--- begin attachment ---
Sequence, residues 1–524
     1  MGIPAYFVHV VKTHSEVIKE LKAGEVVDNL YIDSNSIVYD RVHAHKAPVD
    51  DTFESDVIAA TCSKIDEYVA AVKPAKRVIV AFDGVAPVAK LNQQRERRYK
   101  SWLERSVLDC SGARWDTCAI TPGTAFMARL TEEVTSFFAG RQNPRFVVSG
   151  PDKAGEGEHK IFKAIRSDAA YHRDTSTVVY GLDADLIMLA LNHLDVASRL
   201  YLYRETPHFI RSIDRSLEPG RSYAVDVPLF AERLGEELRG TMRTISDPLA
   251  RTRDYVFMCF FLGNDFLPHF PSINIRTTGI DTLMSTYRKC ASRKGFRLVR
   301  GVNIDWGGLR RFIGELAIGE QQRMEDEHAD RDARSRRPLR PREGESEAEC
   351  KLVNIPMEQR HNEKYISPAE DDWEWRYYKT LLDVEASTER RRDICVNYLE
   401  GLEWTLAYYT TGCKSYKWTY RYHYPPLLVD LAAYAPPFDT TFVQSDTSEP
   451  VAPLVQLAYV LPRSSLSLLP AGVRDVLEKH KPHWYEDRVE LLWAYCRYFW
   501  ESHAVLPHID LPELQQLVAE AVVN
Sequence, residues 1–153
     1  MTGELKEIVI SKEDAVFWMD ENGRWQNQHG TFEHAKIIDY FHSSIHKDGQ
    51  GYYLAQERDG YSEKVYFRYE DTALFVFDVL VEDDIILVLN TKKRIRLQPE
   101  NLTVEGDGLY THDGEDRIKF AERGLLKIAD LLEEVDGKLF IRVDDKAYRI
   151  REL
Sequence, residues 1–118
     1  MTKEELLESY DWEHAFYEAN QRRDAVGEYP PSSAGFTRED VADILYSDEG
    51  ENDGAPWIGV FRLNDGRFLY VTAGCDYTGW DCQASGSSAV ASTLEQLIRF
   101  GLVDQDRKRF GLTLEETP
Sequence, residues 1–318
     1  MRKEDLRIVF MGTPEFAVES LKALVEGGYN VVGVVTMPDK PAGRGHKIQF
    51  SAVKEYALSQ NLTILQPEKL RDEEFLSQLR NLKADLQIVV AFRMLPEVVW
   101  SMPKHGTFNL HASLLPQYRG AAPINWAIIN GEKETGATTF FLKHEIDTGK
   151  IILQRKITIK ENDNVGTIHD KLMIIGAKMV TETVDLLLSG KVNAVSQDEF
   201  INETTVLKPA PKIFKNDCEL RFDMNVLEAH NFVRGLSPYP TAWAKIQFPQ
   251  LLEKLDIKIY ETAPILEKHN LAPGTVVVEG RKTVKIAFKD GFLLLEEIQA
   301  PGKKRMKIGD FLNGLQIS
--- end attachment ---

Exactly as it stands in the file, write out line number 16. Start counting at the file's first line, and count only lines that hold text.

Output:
   101  NLTVEGDGLY THDGEDRIKF AERGLLKIAD LLEEVDGKLF IRVDDKAYRI